All these zines were created using the one-sheet comic technique, which is achieved by cutting and folding a single A4 sheet into a booklet of 8 pages including the back and front cover. I took on this project for a number of reasons, but one outstanding reason was to find another way to interact with poetry. This method may not be anywhere near traditional, but it allows for freedom and for intimacy with one poem at a time. Only a few of the designs were premeditated. Most of them were spontaneous designs inspired through experimentation.
- Aspens in Autumn
This poem uses a lot of natural imagery, so I wanted to achieve a “rustic” look for the zine. I kept to neutral tones and created the original out of brown paper and canvas. I typed on the canvas and stripped the edges to give it a clean and frayed look.
- The —– Unicorn OR A History of Mythical Beasts Long Gone
The text in chapbooks (in the 1600s) used to be accompanied by images made from woodcuts. I represented this with illustrations that look like mythical symbols but don’t really represent anything more than what the reader sees in them. The illustrations are the only element I didn’t create myself, they were done by Ugandan artist, Charity Atukunda.
The design for Bloodletting was very spontaneous, created simply out of red ink that I distributed by blowing on the ink. The intensity of red on black reflects the intense and abstract text of the poem.
- Forget (Arua) Remeber (Pakwach).
While most zines were written using a typewriter, this was created entirely on a computer. I used an old painting of mine inside but muted it so as not to distract from the text. The poem is heavy in content and did not need a complicated design.
- Heart of the City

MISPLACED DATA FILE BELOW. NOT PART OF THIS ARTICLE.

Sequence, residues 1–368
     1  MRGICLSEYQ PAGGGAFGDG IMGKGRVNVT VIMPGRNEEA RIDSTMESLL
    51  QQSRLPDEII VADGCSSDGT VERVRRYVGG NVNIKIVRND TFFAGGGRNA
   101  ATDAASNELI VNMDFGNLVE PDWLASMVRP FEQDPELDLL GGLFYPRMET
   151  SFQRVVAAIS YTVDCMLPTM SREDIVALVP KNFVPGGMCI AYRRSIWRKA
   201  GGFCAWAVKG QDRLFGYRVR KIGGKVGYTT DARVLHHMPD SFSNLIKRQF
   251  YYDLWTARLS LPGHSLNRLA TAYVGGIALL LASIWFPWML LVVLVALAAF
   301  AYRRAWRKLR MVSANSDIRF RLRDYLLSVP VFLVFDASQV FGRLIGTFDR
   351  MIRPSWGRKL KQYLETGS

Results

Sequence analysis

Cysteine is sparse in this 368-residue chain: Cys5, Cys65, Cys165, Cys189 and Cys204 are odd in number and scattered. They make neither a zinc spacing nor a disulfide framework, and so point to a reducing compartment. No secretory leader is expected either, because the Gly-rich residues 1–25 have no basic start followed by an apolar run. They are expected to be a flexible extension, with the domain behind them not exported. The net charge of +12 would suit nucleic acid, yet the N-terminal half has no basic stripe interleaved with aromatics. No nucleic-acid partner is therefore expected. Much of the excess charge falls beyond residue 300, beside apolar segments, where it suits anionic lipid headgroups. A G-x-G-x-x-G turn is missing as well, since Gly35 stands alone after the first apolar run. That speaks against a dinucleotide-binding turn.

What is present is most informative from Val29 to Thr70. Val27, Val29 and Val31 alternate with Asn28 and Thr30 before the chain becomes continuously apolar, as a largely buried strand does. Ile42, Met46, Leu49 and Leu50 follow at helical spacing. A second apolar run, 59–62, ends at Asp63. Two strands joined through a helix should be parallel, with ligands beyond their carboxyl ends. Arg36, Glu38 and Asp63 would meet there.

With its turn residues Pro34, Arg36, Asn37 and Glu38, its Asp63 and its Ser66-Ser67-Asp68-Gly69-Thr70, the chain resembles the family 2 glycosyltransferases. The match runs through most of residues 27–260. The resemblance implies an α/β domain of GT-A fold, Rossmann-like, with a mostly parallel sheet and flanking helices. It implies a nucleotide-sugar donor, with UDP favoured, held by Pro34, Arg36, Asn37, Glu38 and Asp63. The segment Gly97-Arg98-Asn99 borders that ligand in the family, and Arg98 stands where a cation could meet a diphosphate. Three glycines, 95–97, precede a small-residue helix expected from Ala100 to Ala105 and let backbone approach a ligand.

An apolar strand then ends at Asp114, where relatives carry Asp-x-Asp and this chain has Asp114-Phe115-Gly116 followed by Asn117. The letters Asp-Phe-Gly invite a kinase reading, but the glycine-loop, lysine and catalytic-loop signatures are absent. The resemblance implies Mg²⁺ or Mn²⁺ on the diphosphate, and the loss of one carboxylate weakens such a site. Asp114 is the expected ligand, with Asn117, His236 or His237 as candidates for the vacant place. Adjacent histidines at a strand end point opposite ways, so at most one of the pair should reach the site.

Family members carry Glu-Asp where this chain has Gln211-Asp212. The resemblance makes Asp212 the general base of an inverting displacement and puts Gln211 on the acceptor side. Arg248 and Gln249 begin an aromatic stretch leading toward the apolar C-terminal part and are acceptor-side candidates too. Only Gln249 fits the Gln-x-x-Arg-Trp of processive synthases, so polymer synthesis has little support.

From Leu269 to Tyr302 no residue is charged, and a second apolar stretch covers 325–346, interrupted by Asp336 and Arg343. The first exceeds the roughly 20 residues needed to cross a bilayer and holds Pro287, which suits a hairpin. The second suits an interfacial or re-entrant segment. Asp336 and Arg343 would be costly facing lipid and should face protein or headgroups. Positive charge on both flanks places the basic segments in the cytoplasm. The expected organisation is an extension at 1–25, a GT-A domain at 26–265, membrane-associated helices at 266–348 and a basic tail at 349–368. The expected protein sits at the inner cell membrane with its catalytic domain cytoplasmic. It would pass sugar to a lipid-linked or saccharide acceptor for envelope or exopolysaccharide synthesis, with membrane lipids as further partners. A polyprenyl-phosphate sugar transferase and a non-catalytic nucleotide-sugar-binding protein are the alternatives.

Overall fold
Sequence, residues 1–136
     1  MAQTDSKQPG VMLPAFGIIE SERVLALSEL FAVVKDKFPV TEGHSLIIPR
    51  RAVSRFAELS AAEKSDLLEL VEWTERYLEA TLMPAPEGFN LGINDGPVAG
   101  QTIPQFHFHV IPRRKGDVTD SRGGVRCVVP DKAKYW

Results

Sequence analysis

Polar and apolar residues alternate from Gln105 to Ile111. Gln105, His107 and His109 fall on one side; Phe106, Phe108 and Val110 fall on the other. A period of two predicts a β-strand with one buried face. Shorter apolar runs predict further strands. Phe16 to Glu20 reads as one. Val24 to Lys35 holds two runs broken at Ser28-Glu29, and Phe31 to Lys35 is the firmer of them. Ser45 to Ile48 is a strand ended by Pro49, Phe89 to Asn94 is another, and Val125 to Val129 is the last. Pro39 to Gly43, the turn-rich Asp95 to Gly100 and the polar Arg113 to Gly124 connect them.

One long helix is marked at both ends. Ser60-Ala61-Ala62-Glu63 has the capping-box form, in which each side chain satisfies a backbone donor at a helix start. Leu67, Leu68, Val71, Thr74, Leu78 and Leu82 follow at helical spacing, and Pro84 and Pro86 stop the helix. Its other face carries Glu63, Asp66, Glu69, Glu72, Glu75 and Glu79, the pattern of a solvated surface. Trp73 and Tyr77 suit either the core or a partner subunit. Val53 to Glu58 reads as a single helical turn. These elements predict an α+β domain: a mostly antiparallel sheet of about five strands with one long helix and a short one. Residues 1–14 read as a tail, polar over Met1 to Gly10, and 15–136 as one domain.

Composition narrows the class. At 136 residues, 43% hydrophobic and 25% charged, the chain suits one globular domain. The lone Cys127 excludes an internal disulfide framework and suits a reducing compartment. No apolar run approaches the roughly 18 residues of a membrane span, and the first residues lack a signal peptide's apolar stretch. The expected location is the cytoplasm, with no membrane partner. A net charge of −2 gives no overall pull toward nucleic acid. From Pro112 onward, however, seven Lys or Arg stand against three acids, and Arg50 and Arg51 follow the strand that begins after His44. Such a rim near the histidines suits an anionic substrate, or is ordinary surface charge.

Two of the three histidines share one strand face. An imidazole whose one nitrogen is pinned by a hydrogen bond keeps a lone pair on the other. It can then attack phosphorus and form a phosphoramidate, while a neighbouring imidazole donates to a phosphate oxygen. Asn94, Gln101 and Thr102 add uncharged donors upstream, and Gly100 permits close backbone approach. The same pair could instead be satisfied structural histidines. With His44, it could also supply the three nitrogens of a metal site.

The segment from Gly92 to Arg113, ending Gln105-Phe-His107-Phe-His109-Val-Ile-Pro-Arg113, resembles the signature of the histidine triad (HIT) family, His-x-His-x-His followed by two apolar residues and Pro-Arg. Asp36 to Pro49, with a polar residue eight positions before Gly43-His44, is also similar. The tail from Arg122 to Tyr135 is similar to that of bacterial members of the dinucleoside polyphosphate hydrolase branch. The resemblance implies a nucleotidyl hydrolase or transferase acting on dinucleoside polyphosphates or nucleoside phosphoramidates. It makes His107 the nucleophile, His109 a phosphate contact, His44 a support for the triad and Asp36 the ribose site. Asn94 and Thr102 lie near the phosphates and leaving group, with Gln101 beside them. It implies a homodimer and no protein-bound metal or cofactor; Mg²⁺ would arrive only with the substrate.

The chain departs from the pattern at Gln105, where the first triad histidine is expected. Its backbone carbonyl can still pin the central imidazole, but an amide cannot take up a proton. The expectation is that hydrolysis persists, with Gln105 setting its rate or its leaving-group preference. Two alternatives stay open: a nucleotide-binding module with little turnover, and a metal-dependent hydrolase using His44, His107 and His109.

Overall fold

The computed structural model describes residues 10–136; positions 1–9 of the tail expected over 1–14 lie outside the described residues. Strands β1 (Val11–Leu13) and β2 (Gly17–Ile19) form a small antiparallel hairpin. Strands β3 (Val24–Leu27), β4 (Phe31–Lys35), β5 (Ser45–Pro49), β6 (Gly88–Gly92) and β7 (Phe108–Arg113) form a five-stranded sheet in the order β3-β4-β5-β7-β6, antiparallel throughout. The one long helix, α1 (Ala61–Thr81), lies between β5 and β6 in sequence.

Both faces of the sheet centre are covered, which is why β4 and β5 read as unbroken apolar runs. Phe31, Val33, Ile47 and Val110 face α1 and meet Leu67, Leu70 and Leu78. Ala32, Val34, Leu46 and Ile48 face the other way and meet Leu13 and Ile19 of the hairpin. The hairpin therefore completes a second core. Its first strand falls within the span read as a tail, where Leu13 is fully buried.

Heart of the City is one of my earliest poems and when I read it, I recall a simpler time in my life. It was a time of discovery and I took to the use of line and colour to express the vibrancy of the time as well as the never-ending nature of discovery.
- Little Deaths
I wanted to play with the idea of containing colour and forcing it to a pattern. Although the book itself looks very playful, it embodies the everyday death of being forced into a pattern or into social norms. Some of the tiles are faded to remind me how easy it is to fade within the confines of society.
- Two RE: Dress
This zine is the second in a series addressing love. I created it to compliment the first in the series which also had natural tones. I used wood shavings to give it a unique texture and a thin paper background.
- SOLD OUT
The entire series of zines was titled after this poem so I wanted it to stand out. I mimicked the stamp that is used on poster when shows are sold out and selected a bold pink. I needed it to stay simple but memorable.
- The Commuters
This is another of my older poems. I selected yellow lines simply to represent movement. It recalls the movement of trains and of the light through the windows.
- The Icarus Sequence
This design of this zine was also created with ink. I lay down blue and black ink and distributed it using the same technique of blowing on the ink. I also used brushstrokes to define parts of the designs. In an abstract way it illustrates the water into which the mythical Icarus would have fallen.
- The Suicide Ward
The design of this zine is meant to recall a hospital ward with its stark lighting and geometric shapes. In a way, it should feel uncomfortable. I selected fluorescent colours in order to juxtapose them against the dark topic.
- with restless & ungoverned rage
This was by far the most experimental of the zines. The title is taken from a very old hymn. I recreated sheet music at the bottom and used punctuation instead of musical notes. I separated the text into red and black to create rhythm in reading, like a song sung in rounds.